Continuation of the preceding post, in which I considered the ODE system

with the initial conditions , where are distinct points in a Euclidean space. This can be seen as the gradient flow (in the space of all -point subsets) of the function . Not surprisingly, minimization of the sum of distances leads to collisions. And they happen as quickly as they possibly could: here is a precise statement.

Lemma 1.Let be the time of the first collision. Then

where .

The lower bound follows at once from . To prove the upper bound on , we need the concept of monotonicity. A map is called *monotone* if for all . It is not hard to prove that the gradient of any convex function is monotone. In particular, is a monotone map, being the gradient of convex function (the lack of smoothness at the origin need not concern us here).

Renumbering the points, we may assume . Consider the function , . Differentiation yields

This inner product consists of the term

and the sum over of

Thus, for , which implies .

It is worth noting that if the process is stopped at the moment of first collision, it defines a map between symmetric products which fixes pointwise. The latter statement can now be made quantitative: if a set is at distance from , then . Indeed, in the notation of Lemma 1 we have . Since the first collision occurs at a time , it follows that .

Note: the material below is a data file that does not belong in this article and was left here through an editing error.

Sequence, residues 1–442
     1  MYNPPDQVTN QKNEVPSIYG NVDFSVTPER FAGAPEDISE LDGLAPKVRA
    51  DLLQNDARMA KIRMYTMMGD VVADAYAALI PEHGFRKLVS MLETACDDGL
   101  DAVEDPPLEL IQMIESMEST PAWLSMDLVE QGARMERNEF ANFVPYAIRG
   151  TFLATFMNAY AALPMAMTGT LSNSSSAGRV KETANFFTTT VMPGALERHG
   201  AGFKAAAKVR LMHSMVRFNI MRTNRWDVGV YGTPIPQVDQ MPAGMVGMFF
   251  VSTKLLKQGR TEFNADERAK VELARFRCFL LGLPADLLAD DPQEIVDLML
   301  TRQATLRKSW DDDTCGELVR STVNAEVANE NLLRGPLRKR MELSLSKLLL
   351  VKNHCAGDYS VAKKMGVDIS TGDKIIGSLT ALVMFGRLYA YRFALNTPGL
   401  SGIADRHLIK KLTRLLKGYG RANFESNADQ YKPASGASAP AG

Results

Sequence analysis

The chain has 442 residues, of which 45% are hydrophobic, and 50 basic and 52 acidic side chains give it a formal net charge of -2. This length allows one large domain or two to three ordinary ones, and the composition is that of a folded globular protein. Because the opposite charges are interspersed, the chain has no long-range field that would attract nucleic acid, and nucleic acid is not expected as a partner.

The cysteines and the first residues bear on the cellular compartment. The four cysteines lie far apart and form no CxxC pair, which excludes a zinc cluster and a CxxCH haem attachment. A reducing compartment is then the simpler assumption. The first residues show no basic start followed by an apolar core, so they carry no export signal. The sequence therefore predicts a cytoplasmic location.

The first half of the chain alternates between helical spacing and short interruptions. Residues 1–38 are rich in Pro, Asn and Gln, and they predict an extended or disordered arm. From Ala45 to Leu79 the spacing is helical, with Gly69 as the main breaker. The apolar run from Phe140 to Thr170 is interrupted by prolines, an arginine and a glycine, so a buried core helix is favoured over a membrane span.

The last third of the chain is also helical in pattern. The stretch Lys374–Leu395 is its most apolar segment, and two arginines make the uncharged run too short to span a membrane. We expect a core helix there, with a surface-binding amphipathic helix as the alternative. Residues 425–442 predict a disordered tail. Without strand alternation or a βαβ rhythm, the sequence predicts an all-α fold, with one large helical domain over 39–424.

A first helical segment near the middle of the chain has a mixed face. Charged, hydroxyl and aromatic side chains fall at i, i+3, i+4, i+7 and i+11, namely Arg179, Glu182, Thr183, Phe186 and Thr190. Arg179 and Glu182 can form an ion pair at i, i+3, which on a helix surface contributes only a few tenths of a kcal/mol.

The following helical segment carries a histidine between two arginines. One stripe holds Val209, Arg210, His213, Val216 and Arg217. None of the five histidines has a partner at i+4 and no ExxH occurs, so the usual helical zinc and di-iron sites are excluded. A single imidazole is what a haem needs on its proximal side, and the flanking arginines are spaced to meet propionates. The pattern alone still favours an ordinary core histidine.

Time for some pictures. I changed the Scilab routine so that after each collision it drops one of the collided particles from the process, and restarts. As predicted, this did not change the qualitative picture. Main difference is that trajectories are now visibly non-smooth: angles are formed when a collision happens elsewhere.

In the above examples some trajectories cross in space, but not in space-time.

While the above plots may look like hierarchical clustering trees, solving a system of nonlinear ODE is hardly a practical algorithm for clustering points.

The updated scilab routine is below. This time I called it with random parameters:

```
```

` gravity2(grand(1,7,"unf",0,2),grand(1,7,"def"),300) `

```
function gravity2(vx,vy,Nsteps)
h = 0.002;
Npoints = length(vx);
moving = ones(vx);
tolerance = h*(Npoints-1)/3;
x = zeros(Nsteps,Npoints);
y = zeros(Nsteps,Npoints);
x(1,:) = vx;
y(1,:) = vy;
for m = 1:(Nsteps-1)
x(m+1,:)= x(m,:);
y(m+1,:)= y(m,:);
for i = 1:Npoints
if moving(i)==0 then continue
end
for j = (i+1):Npoints
if moving(j)==0 then continue
end
v = [x(m,j),y(m,j)]-[x(m,i),y(m,i)];
if norm(v) < tolerance then
moving(j)=0;
else
x(m+1,i) = x(m+1,i) + h*v(1)/norm(v);
x(m+1,j) = x(m+1,j) - h*v(1)/norm(v);
y(m+1,i) = y(m+1,i) + h*v(2)/norm(v);
y(m+1,j) = y(m+1,j) - h*v(2)/norm(v);
end
end
end
end
clf();
plot(x(:,:),y(:,:),'o');
endfunction
```